There is wifi in the office now. When I worked here two years ago, I struggled with a computer so slow and tired and virus-ridden that the most simple tasks became exercises in yogic patience, and occasionally ordeals of inexplicable, inhuman difficulty, like trying to cross the street after being dosed with peyote.
But now there is wifi, and good bandwidth — good enough to stream an episode of Buffy with a few minutes of buffering. The connection goes down intermittently and still requires a certain amount of intuitive finesse to make the most of, but the delicate art of cajoling temperamental packets to switch is familiar to anyone who has tried to steal wifi from neighbors or businesses down the road. So nevertheless the Internet here is excellent by the internal meter of such things, and the fact that I can access it with my own Macbook is proving an indispensable advantage.
Pema has a better Blackberry than mine, and I’ve seen several G1s and other smartphones floating around. Most everyone at NOW has a laptop now supplementing or replacing the office desktops, as does Pama daaju at the lepcha guest house where I’m staying. No Macs to speak of, but all good, powerful machines. Today at breakfast Pama, the youngest but highest educated adult in the family, was gamely badgered by his elders for not having (or apparently wanting) a job — the butt of an infectious, laugh-till-you-cry in-joke. “He has a masters degree in law, but all he wants to do is play around on his computer,” Shurep grinned, wheezing slightly and holding his side. “He asked his sisters for money!”
Pama, for his part, flatly denies this latter accusation, but the vague references I’ve heard him make to spending his days working on “a project” lead me to suspect that there is truth to the former one, which he anyways tries to dodge away from. Fleeing into philosophical territory, he argues that he is happy without money and a job because wealth only increases desire, and that way lies misery. “But lack of desire is not delight,” I poke back, getting into the spirit of the teasing and wanting to do my part to help corner the prey. “You need balance to live a full life.” The rest of the family nods approvingly, and Pama has no riposte.
Still, I leave breakfast chewing on a thought. “He spends too much time on the computer” is a common complaint in the West, but in my experience two years ago it was more or less unheard of in this region. I knew things were bound to have changed since I left, and given that high technology was trickling out to even the most obscure corners of the map, some of these changes were bound to be in the direction of more computers, more gadgets, more bandwidth penetration. But I never expected it to feel so…normal.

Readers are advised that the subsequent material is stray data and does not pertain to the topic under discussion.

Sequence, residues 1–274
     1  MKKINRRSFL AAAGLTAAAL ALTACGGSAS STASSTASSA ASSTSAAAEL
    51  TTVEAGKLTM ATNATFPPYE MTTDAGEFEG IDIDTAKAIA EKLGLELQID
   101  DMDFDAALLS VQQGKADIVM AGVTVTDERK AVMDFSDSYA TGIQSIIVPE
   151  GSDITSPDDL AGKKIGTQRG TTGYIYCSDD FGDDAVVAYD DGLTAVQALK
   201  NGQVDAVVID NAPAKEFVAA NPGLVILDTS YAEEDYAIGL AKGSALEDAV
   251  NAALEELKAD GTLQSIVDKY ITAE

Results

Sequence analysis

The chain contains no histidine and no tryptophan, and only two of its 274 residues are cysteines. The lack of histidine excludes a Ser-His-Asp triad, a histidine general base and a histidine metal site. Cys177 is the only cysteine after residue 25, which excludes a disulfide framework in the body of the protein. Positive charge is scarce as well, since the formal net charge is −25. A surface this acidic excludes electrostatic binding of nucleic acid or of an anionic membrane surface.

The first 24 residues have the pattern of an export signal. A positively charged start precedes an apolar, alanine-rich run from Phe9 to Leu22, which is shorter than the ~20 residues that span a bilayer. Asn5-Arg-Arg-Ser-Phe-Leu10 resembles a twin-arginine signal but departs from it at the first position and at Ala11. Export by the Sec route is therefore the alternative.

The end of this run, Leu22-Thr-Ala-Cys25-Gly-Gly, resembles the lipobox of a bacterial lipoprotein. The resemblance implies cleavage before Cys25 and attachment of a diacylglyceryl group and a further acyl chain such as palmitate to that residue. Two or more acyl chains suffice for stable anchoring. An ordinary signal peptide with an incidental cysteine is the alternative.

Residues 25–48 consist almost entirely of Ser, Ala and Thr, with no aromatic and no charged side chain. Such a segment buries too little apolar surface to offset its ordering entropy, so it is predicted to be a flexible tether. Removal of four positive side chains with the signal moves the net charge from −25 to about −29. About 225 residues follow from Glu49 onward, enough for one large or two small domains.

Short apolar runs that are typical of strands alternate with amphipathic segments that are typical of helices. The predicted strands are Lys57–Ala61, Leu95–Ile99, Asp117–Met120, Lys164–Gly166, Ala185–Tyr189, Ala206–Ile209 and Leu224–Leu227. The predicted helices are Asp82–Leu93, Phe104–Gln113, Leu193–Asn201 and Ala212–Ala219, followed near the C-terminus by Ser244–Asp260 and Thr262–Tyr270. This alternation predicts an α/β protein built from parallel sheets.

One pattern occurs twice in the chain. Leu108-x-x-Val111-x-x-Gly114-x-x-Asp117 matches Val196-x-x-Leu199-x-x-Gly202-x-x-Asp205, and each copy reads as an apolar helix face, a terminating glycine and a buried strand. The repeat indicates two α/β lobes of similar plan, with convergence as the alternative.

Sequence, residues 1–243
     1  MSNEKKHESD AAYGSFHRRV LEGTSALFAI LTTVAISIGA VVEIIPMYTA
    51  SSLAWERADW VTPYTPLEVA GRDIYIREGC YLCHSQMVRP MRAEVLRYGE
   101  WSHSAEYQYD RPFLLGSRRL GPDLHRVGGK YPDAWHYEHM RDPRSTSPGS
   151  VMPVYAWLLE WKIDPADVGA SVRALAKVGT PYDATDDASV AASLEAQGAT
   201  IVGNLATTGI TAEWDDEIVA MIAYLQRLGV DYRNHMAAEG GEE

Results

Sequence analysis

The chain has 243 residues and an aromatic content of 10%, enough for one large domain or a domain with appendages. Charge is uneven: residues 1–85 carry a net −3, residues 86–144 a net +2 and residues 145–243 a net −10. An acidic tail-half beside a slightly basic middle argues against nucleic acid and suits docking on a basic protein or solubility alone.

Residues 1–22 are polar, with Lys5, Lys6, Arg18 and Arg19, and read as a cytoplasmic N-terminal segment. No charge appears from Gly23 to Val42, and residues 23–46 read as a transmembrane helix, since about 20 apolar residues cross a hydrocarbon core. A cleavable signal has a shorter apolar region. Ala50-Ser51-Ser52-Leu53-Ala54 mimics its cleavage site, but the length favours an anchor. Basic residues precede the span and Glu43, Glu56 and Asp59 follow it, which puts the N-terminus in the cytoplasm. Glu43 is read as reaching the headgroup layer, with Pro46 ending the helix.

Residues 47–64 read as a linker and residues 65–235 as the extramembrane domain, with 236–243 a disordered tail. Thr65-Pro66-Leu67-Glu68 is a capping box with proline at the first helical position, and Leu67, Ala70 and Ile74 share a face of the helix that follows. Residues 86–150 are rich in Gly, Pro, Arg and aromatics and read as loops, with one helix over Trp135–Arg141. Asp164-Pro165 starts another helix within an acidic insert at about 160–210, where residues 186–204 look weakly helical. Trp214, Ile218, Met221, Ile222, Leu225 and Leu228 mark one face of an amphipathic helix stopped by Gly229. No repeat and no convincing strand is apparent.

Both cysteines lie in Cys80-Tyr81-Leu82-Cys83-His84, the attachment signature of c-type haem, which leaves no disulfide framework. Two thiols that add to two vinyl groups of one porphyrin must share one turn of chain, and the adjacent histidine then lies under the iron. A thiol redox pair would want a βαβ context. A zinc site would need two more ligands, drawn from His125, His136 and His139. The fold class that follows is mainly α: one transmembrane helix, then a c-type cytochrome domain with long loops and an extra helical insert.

Today I went with another reporter to cover a PS2 tournament at a local gaming lounge and bar. Nice place with several couches and TVs, outdoor seating and a big white wall to project on. The event coordinator offered us food and drink, which we turned down in proper busy-journalist fashion. Teenagers and twenty-somethings were gathered around consoles, playing some soccer game. This is one of the first video game tournaments to be held in Sikkim, and the turnout — several dozen competitors and supporters — was quite good considering. We talked to a few of the players, on break between rounds, and they rather sheepishly admitted to spending several hours a day on video games, though split up between console games at home and getting online for Counterstrike or World of Warcraft at cyber cafés. As you might expect, they are a console generation behind kids in America, for only with the spread of the PS3 has the PS2 recently become so affordable.
All in all I think this is a good thing. Fret though you might over childhoods being lost indoors, video games are fun and for some people prove to be an opportunity to excel that they might otherwise never have. It is good that people have computers and bandwidth and better phones than me, but…yes, there is a selfish worry here. For though I mostly love technology and what it is doing to the world, I do not always love what it does to me, how it can soften my will and steal away my hours — spent entertained, yes, and learning, yes, but all less clear and sharp, murkier than certain afternoons of buzzing or trudging through paper pages. On my previous visit to India I devoured a dozen books and filled half as many notebooks, and all because, I have told myself, I didn’t have the distractions of NYTimes, Huffington Post, Metafilter, BoingBoing, Digg, email, Facebook, and (ugh) Twitter. I love the Internet, but I also love escaping it for a time, and the feats of mind going without it can encourage. It is only through alternating these states, through contrast, that we can fully appreciate the values and weaknesses of each and progress most in our intelligence — at least that is my theory.
So here I am, back in India, and we have wifi in the office, and I have, unsurprisingly I suppose, mixed feelings. I am glad (as I know certain others will be) that I will be able to slowly finish season seven of Buffy the Vampire Slayer, and catch the finale of Dollhouse, and hang out on Facebook, and stay abreast of international news. But I am also glad that there is no Internet here at the guest house, and I can spend my mornings and evenings with pages, scribbling on them and flipping them. Maybe this will work out, after all. Maybe I’ll find balance.